Abolition of 'Kipat' Land Tenure System: The Context and Consequences


  • Ram Kumar Ghimire Central Department of Education, Tribhuvan University, Kirtipur




KIPAT, Land tenure, Eastern Nepal, Kirat Tiny


'Kipat' was tenure of land existing mainly in Eastern part of Nepal. Thiswas a communal land holding by the Kirats of the then Majh and Pallo Kiratarea. After the unification of the modern Nepal, late king Prithivi Narayan Shah also established the type of tenure in the same manner as it was in the control of the Kirat tiny state. The land tenure system of Kirat was communal. The land wasnot saleable to other persons who were not the progeny of the first user andmaker of the Pakho-Banjo to arable land. It might be given as Dan; theJ immawala might give it by Pajani. The land ultimately was the property of King,and King could make and change on the holding for social use. Kirat area was not the conquered part of Nepal but it was annexed in Nepal by negotiation between the Kirata and the ruler of Nepal. Limbu, Rai and Khumbu devoted land to the king to win mercy and obtain the ranks like Subba, Majhiya, Jimi etc. Mahesh Chandra Regmi claims that Tamang, Sherpa, Kumhal and  Lepcha had also this form of tenure. Similarly, Tamang of East No. 1 and 2and Majhi-Bote of Palpa and Achham had tiny Kipat land. But Sherpas of eastern Nepal had no such tenural land. The Rana rulers had also continued the Kipatland tenure system. After the dawn of democracy, the overall pattern of governance changed. In this context, different segments of people raised issues of political and social change. The change of land tenure system was also one among them. The UN agency FAO started to lead for positive changes on land issues. In the 60s, like most of others LDCs, Nepal had adopted the state-led land reform program. In this context, the Land Reforms Act, 1964 was proclaimed. The Land Act was amended many times; Kipat was abolished by the 2ndamendment of the Land Act. The consequences of the Kipat abolition did not show greater influence in social setting, national polity and economy. Some minor effects were shown in this context. Kipatias were from ethnic group. Their main occupation was traditional but after the first and second War, they joined British army in a large number. Some of the Kirat started to go to the India for extra earning. When the income rose, they started to migrate to Tarai. Kipatias could sell their parental land as they need not tie up with the parental land. The abolition of this tenure did not create any kind of problem in social setting. The political power was not centered on some handful persons due to the' Kipat' system. 'Kipat' was not like the Jimindari system, and there was no master servant relationship between peasants and Jimmawals. Generally, the decision wasmade in Kipatia society by social consensus, but not by any order of Jimmawal.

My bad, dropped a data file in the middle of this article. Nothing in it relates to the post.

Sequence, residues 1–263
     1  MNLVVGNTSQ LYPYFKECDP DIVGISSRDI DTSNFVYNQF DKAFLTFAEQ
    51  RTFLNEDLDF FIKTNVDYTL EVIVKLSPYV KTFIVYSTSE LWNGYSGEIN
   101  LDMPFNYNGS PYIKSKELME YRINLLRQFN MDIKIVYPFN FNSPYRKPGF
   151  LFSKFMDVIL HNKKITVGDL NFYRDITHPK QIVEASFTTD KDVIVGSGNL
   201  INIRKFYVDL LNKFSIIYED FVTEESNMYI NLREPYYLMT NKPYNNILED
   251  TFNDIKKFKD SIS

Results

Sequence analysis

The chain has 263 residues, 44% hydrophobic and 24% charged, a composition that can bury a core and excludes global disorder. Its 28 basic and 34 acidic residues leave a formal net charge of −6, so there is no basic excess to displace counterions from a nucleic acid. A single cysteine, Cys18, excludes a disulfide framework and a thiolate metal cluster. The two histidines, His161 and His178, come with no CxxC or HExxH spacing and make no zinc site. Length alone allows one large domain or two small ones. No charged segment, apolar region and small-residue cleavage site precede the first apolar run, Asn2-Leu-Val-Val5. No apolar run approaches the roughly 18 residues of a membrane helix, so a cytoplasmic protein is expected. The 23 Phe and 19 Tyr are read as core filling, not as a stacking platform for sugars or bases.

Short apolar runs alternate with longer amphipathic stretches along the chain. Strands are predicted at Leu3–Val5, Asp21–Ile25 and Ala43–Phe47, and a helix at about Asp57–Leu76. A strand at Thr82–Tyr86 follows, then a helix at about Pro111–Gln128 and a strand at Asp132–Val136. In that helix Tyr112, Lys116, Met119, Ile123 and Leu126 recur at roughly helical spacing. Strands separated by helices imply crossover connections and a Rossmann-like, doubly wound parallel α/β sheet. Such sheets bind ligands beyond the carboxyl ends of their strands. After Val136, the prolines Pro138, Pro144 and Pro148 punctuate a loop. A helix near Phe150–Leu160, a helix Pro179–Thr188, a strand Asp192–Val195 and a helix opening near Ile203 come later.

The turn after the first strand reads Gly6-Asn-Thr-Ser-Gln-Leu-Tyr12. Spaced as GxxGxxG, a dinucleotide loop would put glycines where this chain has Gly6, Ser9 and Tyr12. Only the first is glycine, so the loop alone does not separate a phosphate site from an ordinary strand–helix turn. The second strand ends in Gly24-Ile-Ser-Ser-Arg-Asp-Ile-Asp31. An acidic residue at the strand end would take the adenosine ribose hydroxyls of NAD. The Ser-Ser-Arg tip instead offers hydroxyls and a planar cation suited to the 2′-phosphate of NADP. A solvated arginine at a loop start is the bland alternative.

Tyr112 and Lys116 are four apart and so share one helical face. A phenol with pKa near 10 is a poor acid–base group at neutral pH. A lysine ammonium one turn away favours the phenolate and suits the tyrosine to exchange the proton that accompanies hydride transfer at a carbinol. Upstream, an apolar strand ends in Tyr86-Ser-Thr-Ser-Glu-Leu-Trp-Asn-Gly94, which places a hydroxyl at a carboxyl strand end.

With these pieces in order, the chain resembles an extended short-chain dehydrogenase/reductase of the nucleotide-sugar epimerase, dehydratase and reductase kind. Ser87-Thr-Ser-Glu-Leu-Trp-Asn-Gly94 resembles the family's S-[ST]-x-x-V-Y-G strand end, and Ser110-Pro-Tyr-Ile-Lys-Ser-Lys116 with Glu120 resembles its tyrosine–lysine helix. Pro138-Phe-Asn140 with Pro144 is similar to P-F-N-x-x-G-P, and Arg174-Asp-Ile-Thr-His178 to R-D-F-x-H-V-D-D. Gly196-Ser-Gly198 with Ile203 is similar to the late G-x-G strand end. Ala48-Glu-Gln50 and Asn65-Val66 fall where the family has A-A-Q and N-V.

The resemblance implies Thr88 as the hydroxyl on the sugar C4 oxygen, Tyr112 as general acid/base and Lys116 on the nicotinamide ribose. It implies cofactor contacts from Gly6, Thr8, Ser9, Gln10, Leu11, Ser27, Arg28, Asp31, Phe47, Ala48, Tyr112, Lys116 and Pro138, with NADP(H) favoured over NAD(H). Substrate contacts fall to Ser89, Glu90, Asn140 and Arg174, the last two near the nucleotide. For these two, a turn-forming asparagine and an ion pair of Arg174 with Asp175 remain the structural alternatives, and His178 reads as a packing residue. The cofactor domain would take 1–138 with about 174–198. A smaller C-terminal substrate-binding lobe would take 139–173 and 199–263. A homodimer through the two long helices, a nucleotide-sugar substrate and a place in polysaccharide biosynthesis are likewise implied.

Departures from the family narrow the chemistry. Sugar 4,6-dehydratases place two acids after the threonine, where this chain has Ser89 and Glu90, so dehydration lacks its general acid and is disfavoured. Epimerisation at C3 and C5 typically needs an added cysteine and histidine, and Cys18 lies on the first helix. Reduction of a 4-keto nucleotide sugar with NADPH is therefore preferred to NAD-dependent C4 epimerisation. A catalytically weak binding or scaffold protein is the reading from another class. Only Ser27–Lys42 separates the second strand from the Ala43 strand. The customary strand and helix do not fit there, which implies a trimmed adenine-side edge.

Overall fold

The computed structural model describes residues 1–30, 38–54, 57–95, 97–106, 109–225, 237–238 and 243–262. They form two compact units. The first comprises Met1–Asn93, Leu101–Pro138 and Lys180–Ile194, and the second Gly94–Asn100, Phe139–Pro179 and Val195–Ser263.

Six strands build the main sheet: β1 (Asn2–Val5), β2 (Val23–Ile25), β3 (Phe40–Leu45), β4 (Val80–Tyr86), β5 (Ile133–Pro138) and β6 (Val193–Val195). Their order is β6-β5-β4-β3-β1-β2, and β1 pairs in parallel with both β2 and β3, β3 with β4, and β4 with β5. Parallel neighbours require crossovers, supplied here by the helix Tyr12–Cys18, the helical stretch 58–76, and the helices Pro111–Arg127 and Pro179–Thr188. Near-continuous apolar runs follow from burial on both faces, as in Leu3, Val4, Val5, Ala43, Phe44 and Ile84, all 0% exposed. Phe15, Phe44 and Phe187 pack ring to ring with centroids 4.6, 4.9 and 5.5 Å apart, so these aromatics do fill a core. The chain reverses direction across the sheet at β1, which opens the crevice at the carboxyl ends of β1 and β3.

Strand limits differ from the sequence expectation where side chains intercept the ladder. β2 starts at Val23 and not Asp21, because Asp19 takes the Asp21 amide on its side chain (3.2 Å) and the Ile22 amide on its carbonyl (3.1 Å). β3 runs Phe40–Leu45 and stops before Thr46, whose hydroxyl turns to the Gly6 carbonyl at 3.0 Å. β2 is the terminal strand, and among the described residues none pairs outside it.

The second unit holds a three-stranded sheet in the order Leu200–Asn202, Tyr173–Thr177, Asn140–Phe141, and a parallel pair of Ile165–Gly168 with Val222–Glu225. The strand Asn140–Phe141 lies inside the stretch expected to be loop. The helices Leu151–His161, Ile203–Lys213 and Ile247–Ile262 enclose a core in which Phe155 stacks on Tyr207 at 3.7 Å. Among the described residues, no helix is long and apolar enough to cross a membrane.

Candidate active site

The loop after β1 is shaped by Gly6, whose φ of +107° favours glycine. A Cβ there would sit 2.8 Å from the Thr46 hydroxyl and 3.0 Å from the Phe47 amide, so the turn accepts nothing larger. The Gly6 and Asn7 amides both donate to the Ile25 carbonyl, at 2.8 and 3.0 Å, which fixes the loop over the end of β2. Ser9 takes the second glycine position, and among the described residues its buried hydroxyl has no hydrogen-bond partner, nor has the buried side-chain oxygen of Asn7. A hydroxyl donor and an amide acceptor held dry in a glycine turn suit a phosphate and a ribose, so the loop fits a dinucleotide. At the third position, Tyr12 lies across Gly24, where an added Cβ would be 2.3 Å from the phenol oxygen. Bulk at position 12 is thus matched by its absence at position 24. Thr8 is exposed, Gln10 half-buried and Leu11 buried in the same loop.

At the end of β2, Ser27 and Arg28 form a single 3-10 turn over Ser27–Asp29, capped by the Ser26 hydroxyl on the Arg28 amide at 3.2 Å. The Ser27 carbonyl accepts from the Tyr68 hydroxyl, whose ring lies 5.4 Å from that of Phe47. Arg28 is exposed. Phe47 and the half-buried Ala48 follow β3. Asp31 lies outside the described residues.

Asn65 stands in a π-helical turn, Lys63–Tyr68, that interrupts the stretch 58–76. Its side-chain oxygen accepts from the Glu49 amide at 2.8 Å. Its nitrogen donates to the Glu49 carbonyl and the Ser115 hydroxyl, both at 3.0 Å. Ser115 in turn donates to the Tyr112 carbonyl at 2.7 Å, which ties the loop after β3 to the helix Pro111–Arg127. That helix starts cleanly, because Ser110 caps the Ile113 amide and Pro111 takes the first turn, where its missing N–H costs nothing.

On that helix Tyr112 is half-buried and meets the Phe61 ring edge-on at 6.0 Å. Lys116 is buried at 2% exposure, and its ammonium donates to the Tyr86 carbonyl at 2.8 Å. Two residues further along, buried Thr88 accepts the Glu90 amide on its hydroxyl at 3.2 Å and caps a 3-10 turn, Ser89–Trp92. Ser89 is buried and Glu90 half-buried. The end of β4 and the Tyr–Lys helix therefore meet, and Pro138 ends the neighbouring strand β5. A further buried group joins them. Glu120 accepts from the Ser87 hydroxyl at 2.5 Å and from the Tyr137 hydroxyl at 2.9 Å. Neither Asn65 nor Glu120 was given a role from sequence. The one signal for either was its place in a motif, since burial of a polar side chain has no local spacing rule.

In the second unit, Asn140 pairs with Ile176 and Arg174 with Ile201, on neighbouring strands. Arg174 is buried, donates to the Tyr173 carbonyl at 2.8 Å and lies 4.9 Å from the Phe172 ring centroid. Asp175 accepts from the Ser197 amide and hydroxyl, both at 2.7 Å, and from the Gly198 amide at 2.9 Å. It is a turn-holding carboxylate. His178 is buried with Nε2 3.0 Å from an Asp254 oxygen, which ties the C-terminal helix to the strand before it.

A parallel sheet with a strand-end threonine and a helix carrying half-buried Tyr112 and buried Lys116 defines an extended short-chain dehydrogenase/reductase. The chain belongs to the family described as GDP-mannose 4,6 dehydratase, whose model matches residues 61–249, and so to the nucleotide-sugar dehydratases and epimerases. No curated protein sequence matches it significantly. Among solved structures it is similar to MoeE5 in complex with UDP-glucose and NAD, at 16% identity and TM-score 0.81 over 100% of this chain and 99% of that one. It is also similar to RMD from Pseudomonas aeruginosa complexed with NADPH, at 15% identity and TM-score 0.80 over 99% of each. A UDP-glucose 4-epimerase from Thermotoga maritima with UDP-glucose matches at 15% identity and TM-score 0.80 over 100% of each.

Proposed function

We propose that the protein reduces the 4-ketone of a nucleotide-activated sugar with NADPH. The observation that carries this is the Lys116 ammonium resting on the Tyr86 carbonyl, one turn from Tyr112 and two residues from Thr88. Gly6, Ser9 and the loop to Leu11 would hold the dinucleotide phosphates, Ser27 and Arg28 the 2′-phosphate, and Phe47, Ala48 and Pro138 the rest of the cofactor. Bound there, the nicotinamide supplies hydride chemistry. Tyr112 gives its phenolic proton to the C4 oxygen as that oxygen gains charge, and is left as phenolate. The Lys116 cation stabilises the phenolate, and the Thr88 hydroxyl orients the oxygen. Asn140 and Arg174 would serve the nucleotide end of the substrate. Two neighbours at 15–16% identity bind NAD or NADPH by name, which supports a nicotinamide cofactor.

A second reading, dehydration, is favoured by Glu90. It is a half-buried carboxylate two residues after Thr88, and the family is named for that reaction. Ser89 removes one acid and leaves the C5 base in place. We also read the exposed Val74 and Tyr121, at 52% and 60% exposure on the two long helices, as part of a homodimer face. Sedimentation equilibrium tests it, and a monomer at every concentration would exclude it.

The land-holding pattern was not in big scale in 'Kipat' tenure, so there was less room for the distributional effect. The data were not proper so how muchland was changed to Raikar after the abolition of 'Kipat' is some how unknown. The overall effect was not substantially shown due to the abolition of 'Kipat' tenure. So, it can be said that due to the abolition of 'Kipat' tenure administrative reform was made but not economic reform. After the abolition of 'Kipat', land was not distributed or consolidated. Holding pattern was not changed. 'Kipat' land was not so highly productive land. Mostly 'Kipat' was in hilly region and the quality of the land was not so good. By this, it can be projected that extra revenue from 'Kipat' abolition is not significant.


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Author Biography

Ram Kumar Ghimire, Central Department of Education, Tribhuvan University, Kirtipur

Associate Professor




How to Cite

Ghimire, R. K. (2010). Abolition of ’Kipat’ Land Tenure System: The Context and Consequences. Tribhuvan University Journal, 27(1-2), 113–120. https://doi.org/10.3126/tuj.v27i1-2.26394